Vitamin D the clue to more autism spectrum disorder in boys

vitamin D
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A deficiency in Vitamin D on the mother's side could explain why autism spectrum disorder is three times more common in boys, say researchers from The University of Queensland.

In their latest study, Professor Darryl Eyles and Dr. Asad Ali from UQ's Queensland Brain Institute found vitamin D deficiency during pregnancy caused an increase in testosterone in the developing brain of male rats.

"The biological cause of Autism spectrum disorder (ASD) is unknown but we have shown that one of the many risk factors—low vitamin D in mothers—causes an increase in testosterone in the brain of the male fetuses, as well as the maternal blood and ," Professor Eyles said.

"In addition to its role in calcium absorption, vitamin D is crucial to many developmental processes.

"Our research also showed that in vitamin D-deficient male fetuses, an enzyme which breaks down testosterone was silenced and could be contributing to the presence of high testosterone levels."

Professor Eyles' previous research has shown that vitamin D plays a critical role in and that that giving vitamin D supplements to mice during pregnancy completely prevented ASD-like traits in their offspring.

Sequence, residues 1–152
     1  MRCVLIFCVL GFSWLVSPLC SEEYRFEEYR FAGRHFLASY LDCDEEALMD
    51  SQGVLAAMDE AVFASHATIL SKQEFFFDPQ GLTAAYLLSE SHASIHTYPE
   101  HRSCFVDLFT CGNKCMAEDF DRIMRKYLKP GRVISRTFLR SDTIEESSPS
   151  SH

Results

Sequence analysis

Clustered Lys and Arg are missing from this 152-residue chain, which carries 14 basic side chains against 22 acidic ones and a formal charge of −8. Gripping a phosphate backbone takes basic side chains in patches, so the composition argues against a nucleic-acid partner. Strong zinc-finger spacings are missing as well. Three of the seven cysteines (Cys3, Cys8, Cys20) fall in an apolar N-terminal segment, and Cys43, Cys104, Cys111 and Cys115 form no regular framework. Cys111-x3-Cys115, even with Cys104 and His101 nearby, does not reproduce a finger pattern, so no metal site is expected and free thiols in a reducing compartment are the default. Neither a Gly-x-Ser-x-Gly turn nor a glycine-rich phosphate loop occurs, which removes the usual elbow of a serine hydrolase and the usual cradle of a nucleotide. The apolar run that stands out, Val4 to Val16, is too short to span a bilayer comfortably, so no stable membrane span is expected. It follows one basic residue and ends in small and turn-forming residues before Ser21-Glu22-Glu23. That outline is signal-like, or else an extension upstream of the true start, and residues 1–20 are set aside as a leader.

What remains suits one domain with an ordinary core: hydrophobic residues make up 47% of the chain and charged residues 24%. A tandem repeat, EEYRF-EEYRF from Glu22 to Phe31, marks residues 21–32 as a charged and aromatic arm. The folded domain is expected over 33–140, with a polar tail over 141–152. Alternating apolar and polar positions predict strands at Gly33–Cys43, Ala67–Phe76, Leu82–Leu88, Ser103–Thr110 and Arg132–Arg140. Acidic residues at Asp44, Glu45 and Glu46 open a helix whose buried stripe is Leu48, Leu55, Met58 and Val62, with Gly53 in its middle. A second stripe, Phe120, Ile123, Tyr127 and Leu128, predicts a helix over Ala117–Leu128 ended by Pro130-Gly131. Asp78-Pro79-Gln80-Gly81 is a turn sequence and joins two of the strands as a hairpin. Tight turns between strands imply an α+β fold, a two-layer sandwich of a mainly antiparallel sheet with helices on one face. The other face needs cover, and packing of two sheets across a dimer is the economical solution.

Co-author Dr. Ali said that excessive exposure of the developing brain to sex hormones like testosterone was thought to be an underlying cause of ASD, but the reasons remained unclear.

"Vitamin D is involved in pathways controlling many sex hormones," Dr. Ali said.

"When the rat mothers were fed a low vitamin D diet, it caused male fetal brains to have high levels of exposure to testosterone."

Professor Eyles said the study was the first to show that a known risk factor for ASD alters testosterone in both the fetal brain and the mother's blood—one possible contributor to why ASD is more prevalent in males.

"We have only studied one risk factor for ASD—vitamin D deficiency during development—our next step is to look at other possible , such as maternal stress and hypoxia—lack of oxygen—and see if they have the same effect," he said.

More information: Asad Amanat Ali et al, Developmental vitamin D deficiency increases foetal exposure to testosterone, Molecular Autism (2020). DOI: 10.1186/s13229-020-00399-2

Journal information: Molecular Autism

Citation: Vitamin D the clue to more autism spectrum disorder in boys (2020, December 11) retrieved 2 December 2023 from
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